I have a new theory — call it a prediction — about the future of influencer marketing.
Recently, Instagram has been meeting with some of its latest advertisers and media partners to council them on the social platform’s latest algorithm update — a transition that will rank newsfeed content by relevance, rather than chronology, similar to its parent Facebook’s own newsfeed algorithm. Instagram’s advice to marketers, succinctly summarized, boils down to this: “Make better content to keep up with the aesthetic expectations of users, and get ready to advertise [even more] to distribute it, because Instagram organic reach will ultimately follow the downward trend as Facebook’s.”
While any marketer caught off guard by this shift couldn’t have been paying attention to the last few years of social media history, what’s interesting to me is how the organic reach race-to-the-bottom keeps reaffirming the same, cyclical social advertising sequence:
1. A social ecosystem (i.e., Facebook, Pinterest) emerges and attracts users.
2. The existence of these users attracts marketers looking to build community and communicate to this audience.
3. Marketers create brand profiles (the earliest example was a Facebook page), and start publishing content.
4. The influx of marketing content degrades the ecosystem’s user experience, so the social platform limits the organic reach of brand content (algorithmically).
5. But, because virtually every content feed in human history (i.e., newspaper, TV, social media) generates revenue from (a) advertising and/or (b) subscriptions, paid reach becomes the de facto way for marketers to distribute content, pushing out advertisers who can’t afford the platform’s pay-to-play model.
And then a new ecosystem (like Snapchat) emerges, and the cycle begins all over again.
So what does this mean for influencer marketing?
For any given social platform, influencers — the celebrities, athletes, artists, and other early adopters who successfully attract a large, engaged following — often serve as “distribution bridges” for brands as the social community transitions from open publishing to pay-to-promote. As organic reach declines, marketers often supplement their own reach via macro and micro-influencer partnerships, whose more algorithm-friendly social proof plays well to voluntary viewership.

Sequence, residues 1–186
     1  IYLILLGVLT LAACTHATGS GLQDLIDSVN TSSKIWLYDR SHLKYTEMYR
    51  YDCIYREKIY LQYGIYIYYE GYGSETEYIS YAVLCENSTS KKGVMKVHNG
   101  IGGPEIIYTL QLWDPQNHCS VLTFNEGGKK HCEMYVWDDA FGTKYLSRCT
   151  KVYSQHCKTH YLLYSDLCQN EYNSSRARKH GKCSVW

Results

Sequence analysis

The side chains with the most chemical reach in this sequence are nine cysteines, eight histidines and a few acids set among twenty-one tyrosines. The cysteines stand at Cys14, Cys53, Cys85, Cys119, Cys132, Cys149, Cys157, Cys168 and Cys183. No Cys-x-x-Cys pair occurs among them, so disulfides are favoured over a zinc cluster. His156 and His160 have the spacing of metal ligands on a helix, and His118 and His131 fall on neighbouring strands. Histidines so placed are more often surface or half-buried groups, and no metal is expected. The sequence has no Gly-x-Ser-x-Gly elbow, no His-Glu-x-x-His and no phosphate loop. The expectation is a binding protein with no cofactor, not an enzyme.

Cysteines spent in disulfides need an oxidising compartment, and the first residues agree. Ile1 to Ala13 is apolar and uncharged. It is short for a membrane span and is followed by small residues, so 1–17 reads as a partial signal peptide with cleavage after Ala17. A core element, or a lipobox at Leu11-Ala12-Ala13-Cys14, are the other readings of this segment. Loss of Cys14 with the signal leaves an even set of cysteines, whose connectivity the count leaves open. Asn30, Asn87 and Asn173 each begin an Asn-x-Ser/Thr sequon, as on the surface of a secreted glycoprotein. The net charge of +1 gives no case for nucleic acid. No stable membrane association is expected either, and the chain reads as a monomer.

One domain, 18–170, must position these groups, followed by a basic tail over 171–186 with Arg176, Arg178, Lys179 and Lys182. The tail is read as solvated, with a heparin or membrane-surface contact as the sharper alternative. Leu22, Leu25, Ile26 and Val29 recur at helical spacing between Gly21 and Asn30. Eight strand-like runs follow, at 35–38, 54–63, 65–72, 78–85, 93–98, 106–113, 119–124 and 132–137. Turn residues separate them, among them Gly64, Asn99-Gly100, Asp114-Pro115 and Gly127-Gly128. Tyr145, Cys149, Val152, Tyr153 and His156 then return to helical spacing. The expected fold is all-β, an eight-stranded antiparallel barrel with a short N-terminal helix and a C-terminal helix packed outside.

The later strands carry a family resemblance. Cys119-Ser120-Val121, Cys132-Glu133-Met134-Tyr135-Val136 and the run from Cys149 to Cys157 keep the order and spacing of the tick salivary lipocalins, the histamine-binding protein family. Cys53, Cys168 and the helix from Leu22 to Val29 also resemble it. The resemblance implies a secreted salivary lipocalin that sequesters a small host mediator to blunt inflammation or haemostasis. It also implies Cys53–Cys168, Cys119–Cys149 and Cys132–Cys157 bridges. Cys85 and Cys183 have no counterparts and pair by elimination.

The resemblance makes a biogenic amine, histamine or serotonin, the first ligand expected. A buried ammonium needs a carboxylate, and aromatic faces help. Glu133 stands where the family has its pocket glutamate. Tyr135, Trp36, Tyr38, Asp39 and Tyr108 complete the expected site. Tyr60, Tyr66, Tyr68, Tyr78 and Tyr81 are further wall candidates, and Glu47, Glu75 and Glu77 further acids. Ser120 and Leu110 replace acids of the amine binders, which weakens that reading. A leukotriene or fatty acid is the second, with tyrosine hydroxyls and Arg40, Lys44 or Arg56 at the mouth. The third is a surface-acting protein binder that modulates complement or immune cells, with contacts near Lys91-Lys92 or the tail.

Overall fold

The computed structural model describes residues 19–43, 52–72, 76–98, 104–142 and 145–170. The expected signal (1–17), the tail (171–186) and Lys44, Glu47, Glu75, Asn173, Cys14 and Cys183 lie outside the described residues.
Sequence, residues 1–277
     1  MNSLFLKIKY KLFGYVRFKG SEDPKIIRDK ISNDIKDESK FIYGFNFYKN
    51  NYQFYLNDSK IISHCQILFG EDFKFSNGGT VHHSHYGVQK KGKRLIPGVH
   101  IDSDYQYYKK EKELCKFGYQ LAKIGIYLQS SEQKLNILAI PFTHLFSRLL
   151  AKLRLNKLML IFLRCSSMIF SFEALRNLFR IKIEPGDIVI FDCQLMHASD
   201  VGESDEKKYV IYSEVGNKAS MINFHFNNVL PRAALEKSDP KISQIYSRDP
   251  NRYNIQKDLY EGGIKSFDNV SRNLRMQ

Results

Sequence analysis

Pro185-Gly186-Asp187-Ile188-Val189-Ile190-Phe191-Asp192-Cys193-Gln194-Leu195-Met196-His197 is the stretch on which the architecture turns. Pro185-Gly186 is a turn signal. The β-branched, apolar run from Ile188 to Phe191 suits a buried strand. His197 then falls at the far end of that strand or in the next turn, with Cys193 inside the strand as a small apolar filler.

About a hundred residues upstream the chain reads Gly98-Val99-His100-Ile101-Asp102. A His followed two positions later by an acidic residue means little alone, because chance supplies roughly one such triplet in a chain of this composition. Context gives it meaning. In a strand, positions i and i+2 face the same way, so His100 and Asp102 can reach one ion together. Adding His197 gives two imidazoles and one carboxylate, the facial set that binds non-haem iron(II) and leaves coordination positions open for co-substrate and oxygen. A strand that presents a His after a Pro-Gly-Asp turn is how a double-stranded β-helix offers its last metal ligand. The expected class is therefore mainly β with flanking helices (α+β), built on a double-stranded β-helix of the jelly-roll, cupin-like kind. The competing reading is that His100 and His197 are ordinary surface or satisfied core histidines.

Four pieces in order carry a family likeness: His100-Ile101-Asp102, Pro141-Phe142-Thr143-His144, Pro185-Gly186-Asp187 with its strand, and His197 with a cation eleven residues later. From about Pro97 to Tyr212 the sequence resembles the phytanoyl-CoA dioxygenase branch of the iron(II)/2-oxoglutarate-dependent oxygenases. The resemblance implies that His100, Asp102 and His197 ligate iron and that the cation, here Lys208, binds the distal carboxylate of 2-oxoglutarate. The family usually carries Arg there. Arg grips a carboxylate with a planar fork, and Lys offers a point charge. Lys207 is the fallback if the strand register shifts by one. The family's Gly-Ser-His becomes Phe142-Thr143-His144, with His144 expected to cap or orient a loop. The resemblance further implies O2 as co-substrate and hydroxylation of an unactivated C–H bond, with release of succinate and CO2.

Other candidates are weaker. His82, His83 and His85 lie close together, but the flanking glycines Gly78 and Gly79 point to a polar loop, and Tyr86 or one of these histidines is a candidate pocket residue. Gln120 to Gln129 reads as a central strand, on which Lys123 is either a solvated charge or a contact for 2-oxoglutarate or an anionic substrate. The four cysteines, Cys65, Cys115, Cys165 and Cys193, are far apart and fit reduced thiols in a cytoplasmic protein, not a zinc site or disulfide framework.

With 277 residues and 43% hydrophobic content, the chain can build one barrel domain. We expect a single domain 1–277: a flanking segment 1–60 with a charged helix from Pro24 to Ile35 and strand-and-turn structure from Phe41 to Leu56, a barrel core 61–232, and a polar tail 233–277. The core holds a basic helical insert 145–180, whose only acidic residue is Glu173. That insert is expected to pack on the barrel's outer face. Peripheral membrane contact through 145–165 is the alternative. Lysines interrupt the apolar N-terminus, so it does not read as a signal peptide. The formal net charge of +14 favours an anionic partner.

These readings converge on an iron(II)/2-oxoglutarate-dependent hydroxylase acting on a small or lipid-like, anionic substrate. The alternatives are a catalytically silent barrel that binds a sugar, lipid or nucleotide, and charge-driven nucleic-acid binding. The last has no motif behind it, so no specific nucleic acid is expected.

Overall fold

And brands are rushing to embrace this strategy, leading to interesting recent allegiances between Amazon and Alec Baldwin, Adidas and Selena Gomez, and Squarespace and comedians Key and Peele. Other brands, like Kenneth Cole, have relied on less mainstream influencers for their “Courageous Class” campaign, challenging traditional influencer endorsements by asserting “the real models are the role models.”
So brands grow their traffic numbers by smartly distributing content through influencers, and [most] influencers are happy to collect large sums in exchange for access to their audience. Seems like both parties are getting what they want. The only problem is this value exchange is happening on social platforms — and the social platform — whose revenue model is underpinned by paid content — is missing out on the value capture. Yes, granted, influencer activity on any given platform likely attracts broader user activity, thereby creating in-app time where ads can be served, but if Coca-Cola is paying Taylor Swift millions of dollars to publish a #sponsoredpost, those are millions being diverted from advertising income an Instagram or Snapchat might otherwise collect. Facebook seems to realize this most acutely, and sees organic reach reduction on Instagram as the next logical step in pulling more brand activity away from influencers and into its ads UI. After all, influencers have organic reach advantages over most brands, but as organic reach approaches zero it also slices into their ability to engage their fans as well. Snapchat, I suspect, isn’t far behind.
The endgame, if you play this out, is that as the major Western social networks — Facebook, Instagram, Snapchat — mature in terms of monetization (and in some ways move more in the direction of WeChat), brands will take the initial, bigger hit, but most will continue to pay to play. By comparison, all but the top tier of digital influencers may see their revenue pool shrink as more and more is reclaimed by the platform itself. Not only that, but social is increasingly converging with mobile chat, where person-to-person (P2P) conversation renders centrally published content reach largely irrelevant. Beyonce or Justin Bieber can connect with a huge audience on Instagram or YouTube, but not as linearly on WhatsApp or Facebook Messenger. As a result, my prediction is the pendulum will shift back toward celebrity sponsorships, and away from native content distribution through influencers. Brands will continue to rely on influencers for social proof and the creative spark they can provide, but marketers will have to pivot back to owning the last mile of getting their message in front of customers.